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Wednesday, April 22 • 2:30pm - 4:30pm
Quantification of Clay Minerals in North Carolina Soil via X-Ray Diffraction

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Groundwater contamination from agricultural runoff and residential wastewater is a growing environmental threat.  Common veterinary and human medications, pesticides, fertilizers and other environmental contaminates often make their way into local rivers and streams through septic system leakage, surface runoff, and treated wastewater disposal. The ultimate fate of pharmaceuticals, fertilizers, pesticides, and personal care products in surface and groundwater depends on several factors, including the surrounding vegetation and soil composition. Electrostatic interactions between soil minerals and ionized compounds cause certain contaminates to have a higher affinity for specific soils, affecting the adsorption and relative mobility of contaminates in the environment. Therefore, understanding the mineral composition of soil is vital to predicting the fate of environmental contaminates, like pharmaceuticals, in local ecosystems. X-Ray powder diffraction is a characterization technique that helps to identify which minerals are present in a soil, however determining the weight percentage of the minerals is not a trivial task. Several methods have been proposed for quantifying XRD data using an internal standard as a matrix flushing agent. This study attempts to quantify the clay minerals in Western North Carolina soils using X-Ray powder diffraction and a reference intensity ratio analytical method.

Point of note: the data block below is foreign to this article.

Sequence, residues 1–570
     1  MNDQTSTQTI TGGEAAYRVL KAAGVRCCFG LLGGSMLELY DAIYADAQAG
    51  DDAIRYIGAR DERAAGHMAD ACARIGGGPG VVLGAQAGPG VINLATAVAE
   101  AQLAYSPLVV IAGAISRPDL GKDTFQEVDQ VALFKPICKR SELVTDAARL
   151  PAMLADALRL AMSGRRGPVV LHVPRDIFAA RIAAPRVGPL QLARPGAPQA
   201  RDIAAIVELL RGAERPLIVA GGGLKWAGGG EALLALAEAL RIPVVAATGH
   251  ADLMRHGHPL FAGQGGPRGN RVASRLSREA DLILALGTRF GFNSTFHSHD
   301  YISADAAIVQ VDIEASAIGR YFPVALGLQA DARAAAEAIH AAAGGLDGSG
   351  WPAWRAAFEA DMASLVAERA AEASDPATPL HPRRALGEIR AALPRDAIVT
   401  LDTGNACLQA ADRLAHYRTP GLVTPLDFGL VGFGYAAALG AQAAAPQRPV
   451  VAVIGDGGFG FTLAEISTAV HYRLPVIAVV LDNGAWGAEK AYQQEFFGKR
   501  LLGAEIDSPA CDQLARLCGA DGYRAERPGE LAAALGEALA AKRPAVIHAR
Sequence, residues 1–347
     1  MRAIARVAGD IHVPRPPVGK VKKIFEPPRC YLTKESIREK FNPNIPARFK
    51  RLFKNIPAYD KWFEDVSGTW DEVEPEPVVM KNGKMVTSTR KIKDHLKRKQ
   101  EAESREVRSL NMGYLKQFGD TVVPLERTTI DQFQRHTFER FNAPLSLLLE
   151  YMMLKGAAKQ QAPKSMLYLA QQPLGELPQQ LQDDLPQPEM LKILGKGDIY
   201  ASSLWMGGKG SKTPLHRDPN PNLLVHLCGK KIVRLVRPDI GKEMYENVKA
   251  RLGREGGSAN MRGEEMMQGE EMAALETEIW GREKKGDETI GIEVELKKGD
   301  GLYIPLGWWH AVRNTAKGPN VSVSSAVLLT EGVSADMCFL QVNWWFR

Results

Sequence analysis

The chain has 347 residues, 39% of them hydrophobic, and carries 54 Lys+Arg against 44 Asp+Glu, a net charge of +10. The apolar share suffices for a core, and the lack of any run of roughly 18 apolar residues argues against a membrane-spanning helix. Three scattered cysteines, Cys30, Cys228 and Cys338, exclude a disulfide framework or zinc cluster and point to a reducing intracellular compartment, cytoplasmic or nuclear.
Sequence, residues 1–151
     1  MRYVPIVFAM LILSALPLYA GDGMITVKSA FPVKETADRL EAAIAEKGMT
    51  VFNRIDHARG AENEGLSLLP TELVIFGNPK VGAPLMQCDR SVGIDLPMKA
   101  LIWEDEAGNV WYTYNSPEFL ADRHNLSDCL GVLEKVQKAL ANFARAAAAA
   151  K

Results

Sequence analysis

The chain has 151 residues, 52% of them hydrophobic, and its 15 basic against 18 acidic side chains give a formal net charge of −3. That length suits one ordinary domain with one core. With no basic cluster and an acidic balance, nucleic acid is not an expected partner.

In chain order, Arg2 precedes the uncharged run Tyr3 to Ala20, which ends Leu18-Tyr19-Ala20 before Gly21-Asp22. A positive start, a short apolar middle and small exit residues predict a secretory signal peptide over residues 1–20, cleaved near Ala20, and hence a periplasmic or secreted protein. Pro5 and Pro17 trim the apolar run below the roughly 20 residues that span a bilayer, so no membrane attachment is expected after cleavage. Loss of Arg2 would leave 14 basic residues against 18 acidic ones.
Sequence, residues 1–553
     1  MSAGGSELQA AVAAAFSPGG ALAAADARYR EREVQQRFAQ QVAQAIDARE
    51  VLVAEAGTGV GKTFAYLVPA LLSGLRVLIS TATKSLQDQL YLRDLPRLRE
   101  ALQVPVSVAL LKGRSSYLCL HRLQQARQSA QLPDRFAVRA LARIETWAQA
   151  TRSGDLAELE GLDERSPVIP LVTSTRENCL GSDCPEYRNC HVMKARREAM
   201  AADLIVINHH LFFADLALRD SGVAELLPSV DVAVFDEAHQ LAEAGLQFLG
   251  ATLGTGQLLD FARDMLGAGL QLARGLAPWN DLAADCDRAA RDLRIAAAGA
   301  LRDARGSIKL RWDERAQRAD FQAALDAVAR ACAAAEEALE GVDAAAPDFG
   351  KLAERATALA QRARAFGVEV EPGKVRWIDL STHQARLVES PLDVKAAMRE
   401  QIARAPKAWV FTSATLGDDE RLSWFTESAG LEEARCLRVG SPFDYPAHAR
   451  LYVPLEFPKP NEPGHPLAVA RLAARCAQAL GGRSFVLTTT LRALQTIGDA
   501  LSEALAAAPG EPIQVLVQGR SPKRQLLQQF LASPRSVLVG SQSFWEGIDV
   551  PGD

Wednesday April 22, 2015 2:30pm - 4:30pm PDT
Wilma Sherrill Center Grimes Atrium